Since Microsoft’s founding nearly four decades ago, computing and technology have experienced some momentous shifts with regard to trust. The emergence of security concerns related to the internet was one such shift. It prompted Bill Gates to launch Microsoft’s Trustworthy Computing (TwC) initiative in 2002, in a memo calling for changes to ensure customer trust at every level.
We are currently in the midst of another seismic shift with regard to trust — the vigorous global discussion that began last year with disclosures of widespread government surveillance programs.
Today at the RSA Security Conference USA in San Francisco, Scott Charney, Corporate Vice President, Trustworthy Computing, gave a keynote speech about the changing cybersecurity landscape: Conundrums in Cyberspace—Exploiting security in the name of, well, security.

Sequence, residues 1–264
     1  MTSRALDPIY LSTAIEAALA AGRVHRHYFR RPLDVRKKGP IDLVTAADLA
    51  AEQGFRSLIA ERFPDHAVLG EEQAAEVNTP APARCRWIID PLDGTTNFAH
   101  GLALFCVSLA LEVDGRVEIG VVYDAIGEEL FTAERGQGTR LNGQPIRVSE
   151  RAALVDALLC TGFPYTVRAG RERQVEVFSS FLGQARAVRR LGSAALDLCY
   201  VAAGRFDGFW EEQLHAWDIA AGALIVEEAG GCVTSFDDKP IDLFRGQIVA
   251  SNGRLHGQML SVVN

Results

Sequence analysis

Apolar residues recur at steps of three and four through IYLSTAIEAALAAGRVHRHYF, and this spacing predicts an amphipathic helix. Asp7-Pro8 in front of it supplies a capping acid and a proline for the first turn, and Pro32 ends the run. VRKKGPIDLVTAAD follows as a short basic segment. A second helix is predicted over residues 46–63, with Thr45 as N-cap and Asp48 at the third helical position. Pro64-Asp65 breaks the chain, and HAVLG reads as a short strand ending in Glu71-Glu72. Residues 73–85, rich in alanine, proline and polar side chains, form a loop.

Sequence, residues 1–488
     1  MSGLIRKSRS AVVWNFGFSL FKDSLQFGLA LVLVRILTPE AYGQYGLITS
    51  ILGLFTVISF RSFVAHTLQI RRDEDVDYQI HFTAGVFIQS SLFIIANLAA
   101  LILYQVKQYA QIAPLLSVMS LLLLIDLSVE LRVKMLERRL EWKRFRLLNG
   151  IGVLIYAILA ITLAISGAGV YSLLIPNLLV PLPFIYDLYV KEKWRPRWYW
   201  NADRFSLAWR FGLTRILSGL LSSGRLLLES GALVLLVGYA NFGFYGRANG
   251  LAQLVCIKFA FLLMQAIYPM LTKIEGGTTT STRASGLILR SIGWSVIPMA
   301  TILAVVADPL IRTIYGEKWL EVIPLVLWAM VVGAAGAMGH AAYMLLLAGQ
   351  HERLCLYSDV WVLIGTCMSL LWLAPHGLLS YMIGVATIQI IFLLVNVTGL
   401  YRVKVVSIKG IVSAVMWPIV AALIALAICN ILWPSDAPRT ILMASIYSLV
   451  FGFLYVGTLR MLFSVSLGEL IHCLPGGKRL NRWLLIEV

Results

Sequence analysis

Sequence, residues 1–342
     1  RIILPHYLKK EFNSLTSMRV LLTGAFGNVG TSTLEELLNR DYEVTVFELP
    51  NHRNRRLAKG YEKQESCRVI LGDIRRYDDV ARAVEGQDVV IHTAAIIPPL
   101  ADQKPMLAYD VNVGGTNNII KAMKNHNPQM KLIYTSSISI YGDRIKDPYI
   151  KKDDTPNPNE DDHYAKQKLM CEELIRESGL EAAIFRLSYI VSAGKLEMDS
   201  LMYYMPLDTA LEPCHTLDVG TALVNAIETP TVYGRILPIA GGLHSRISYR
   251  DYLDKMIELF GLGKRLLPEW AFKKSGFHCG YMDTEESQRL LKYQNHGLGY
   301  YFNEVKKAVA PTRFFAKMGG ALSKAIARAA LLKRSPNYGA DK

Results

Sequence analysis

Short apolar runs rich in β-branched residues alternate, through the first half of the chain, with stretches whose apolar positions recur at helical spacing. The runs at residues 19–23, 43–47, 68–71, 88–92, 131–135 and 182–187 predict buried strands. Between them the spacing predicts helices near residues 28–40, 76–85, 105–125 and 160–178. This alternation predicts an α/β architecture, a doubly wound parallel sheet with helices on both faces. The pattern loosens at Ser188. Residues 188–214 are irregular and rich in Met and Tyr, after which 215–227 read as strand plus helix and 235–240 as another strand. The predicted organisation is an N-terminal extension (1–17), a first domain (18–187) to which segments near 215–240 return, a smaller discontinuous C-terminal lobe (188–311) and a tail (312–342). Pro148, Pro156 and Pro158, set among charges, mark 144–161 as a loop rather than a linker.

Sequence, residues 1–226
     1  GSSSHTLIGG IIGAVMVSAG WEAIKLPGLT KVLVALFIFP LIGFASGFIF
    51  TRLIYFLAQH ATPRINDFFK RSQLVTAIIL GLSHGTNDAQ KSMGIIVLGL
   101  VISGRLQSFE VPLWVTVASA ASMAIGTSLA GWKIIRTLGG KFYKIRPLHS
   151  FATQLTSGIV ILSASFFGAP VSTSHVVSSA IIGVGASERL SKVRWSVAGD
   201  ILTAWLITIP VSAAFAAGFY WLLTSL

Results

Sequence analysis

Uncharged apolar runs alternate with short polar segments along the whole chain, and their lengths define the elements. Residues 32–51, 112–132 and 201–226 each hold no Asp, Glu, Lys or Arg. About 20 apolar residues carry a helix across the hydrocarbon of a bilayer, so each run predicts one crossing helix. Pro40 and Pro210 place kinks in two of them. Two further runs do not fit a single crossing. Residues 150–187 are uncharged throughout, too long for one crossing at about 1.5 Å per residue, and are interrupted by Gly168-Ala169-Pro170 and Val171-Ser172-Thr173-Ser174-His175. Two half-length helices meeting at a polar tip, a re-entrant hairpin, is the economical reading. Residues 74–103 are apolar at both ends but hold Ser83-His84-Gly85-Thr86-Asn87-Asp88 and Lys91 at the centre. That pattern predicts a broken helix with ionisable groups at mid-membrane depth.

In Scott’s presentation, he described the various roles of governments, individuals and companies, and the IT industry in building and maintaining trust on the Internet. The “conundrums” include the sometimes overlapping or even conflicting goals of trying to secure and protect citizens and their data, while also showing appropriate respect for privacy rights.
Scott also reaffirmed Microsoft’s commitment to security, privacy and transparency as our guiding trust principles, specifically in relation to protecting our customers’ data.
A full recap of Scott’s speech is available on the Microsoft on the Issues blog, and I encourage you to read through it.